Saturday, November 30, 2013

Windows Azure Active Directory Graph: Setting up a Tenant Domain, Application Principal ID and Application Password


This posting demonstrates how to create the elements needed to programmatically access the RESTful API associated with Windows Azure Active Directory Graph. The following definitions are useful in understanding what is required to develop such applications:
  • Tenant: owns or manages an instance of a cloud service
  • Windows Azure Tenant: each Microsoft cloud service is associated with its own instance of Windows Azure Active Directory (Windows Azure AD). This AD instance is associated with an organization's cloud service and serves said service's tenant.
  • Service Principal: this is an instance of an application within the AD tenant. Policies including permissions are applied to a service principal. For example: 
    • An Address Book application's service principal might have read-only access to the AD instance associated with a Windows cloud service. 
    • An HR application's service principal might have read-write access to the AD instance associated with a Windows cloud service.
An application that accesses Windows Azure Active Directory does so by accessing its service principal. A service principal is accessible by an application instance (a program instances) by the tenant domain (the URL associated with the application), a principal ID (analogous to a username) and principal password (the password associated with the principal ID).

There are a large number of excellent examples (Windows Azure AD Graph Code Samples Index) demonstrating the development of applications that use "Windows Azure Active Directory Graph." Each of these samples access AD Graph and therefore must make use of a service principal. The samples each utilize an app.config or web.config file containing elements corresponding to what is required to access a service principal. An example from "Sample App for Windows Azure AD Graph Differential Query" taken from an app.config is as follows:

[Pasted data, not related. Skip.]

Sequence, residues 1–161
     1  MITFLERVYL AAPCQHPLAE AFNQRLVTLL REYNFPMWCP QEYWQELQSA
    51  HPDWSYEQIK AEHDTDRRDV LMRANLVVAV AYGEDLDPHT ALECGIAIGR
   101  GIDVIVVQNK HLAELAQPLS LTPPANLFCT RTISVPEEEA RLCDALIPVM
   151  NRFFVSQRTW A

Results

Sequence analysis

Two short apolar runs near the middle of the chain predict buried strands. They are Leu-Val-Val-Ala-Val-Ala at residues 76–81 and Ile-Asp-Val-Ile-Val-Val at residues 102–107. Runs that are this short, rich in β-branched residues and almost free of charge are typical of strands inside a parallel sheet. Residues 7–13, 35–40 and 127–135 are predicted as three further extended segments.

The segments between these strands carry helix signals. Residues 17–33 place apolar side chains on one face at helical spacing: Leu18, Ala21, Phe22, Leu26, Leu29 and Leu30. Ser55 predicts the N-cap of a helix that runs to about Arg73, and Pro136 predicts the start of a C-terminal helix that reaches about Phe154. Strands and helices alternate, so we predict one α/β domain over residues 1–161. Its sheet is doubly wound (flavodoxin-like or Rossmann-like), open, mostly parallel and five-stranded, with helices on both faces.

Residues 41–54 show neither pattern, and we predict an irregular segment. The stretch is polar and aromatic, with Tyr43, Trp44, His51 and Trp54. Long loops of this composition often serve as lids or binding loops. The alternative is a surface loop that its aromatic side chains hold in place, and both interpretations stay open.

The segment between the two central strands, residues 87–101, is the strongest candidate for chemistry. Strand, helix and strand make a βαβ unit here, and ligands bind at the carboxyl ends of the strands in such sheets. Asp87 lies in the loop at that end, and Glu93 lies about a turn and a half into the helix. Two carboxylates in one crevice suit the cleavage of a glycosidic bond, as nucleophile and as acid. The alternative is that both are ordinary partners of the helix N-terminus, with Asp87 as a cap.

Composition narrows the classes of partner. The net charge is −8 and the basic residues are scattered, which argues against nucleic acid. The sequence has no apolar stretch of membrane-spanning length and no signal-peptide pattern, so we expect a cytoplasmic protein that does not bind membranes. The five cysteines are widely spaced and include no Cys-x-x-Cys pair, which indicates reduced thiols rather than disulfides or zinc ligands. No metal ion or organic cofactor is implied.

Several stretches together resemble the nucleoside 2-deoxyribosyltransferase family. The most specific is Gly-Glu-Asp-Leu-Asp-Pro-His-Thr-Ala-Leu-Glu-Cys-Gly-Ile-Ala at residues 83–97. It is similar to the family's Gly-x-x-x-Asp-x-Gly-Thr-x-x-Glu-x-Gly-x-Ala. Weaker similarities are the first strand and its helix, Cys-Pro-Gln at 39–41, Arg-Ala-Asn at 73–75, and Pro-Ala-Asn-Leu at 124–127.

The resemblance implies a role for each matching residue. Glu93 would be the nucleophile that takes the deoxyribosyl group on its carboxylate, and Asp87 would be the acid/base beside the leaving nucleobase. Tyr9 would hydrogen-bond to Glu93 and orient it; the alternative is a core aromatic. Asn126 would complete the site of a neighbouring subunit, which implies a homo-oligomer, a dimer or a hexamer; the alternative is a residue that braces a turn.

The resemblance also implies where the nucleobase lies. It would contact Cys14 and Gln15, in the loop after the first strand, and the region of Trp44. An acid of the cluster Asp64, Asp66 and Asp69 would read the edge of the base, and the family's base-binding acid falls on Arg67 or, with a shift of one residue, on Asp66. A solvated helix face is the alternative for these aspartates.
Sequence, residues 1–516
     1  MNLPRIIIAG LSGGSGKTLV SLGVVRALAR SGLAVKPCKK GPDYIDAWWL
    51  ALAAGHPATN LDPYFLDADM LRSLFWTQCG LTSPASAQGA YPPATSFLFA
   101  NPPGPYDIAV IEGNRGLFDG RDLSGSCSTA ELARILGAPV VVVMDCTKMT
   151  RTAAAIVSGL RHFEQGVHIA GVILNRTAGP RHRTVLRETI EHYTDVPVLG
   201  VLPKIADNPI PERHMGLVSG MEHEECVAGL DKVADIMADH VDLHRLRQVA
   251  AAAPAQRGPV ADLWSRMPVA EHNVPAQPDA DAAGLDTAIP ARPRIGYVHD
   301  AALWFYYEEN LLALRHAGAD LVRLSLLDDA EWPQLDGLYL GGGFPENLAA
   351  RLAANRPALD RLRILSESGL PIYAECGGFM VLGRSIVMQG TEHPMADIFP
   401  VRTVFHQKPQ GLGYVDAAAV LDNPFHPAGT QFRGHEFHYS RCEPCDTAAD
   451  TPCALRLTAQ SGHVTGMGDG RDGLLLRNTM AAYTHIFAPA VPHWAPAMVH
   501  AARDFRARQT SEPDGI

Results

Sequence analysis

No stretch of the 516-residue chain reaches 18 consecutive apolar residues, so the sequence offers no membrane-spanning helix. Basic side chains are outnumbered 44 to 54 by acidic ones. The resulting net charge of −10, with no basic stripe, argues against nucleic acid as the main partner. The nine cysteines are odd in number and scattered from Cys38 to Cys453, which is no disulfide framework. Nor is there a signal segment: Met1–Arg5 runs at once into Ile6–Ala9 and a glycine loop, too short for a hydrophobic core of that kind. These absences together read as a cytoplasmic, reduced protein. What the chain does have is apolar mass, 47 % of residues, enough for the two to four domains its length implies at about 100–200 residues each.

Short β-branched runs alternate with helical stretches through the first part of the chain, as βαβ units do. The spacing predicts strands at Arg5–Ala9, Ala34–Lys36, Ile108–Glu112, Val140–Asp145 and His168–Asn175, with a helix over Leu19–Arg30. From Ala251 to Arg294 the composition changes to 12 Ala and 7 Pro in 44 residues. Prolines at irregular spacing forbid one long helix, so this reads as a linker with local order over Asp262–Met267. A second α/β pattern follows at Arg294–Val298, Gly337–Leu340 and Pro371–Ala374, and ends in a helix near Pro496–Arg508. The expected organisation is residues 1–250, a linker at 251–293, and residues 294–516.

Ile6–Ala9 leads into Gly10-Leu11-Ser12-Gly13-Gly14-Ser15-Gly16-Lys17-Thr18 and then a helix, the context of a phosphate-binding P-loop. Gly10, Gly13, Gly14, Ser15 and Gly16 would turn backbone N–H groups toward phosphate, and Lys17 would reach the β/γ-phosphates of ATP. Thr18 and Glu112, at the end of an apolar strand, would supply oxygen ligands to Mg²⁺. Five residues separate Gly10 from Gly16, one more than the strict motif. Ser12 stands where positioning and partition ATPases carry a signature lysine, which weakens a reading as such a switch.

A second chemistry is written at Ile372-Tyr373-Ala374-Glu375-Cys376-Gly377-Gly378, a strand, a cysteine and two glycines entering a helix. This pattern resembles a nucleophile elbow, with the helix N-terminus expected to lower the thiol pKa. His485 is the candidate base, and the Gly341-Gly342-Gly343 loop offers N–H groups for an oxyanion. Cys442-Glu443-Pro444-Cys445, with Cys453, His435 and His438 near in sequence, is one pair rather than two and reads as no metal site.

<add key="TenantDomainName" value=""/>
<add key="AppPrincipalId" value="9221e5fc-f3df-4337-8403-928abeb7af4e"/>
<add key="Password" value="G7Jo9Mis0DSyFXVdbEaA" />

The problem with the Windows Azure samples and documentation (including those related to setting up a service principal) is that Azure is a rapidly evolving platform. Microsoft is adding features at a remarkable pace so that documentation that is two years old may be obsolete. Documentation that is only six months old may be similarly obsolete. This posting attempts to be current with respect to setting up a service principal given the release of Windows 8.1.

Setting up an Azure Service Principal

These steps should be performed on a development machine (the machine on which you have Visual Studio 2013 installed or on which PowerShell scripts are developed). To create the tenant information perform the following steps:

1. Install Microsoft Online Services Sign-In Assistant version 7.0 or greater (there is a separate version for Windows 7/Windows 2008R2 and a newer version for Windows 8/8.1):

If you are running Windows 7 or Windows 2008/2008 R2 install the version of Microsoft Online Services Sign-In Assistant  found at: Microsoft Online Services Sign-In Assistant for IT Professionals RTW 

Note the system requirements (a.k.a. do not install on Windows 8 or Windows 8.1):

If you are running Windows 8 or Windows 8.1 install the version of Microsoft Online Services Sign-In Assistant  found at:Microsoft Online Services Sign-In Assistant for IT Professionals BETA

Note the system requirements below:

2. "Install the Windows Azure AD Module" based on your operating system (32-bit or 64-bit):

3. When prompted (see below) run the downloaded application:

3.1 It is useful to allow the installer to place a shortcut to the Windows Azure AD module for Windows PowerShell on the desktop.
4. Download the sample application "Sample App for Windows Azure AD Graph Differential Query".
5. Unzip the sample in order to gain access to CreateServicePrincipal.ps1. This PowerShell script lives up to its name sake; the script creates a service principal.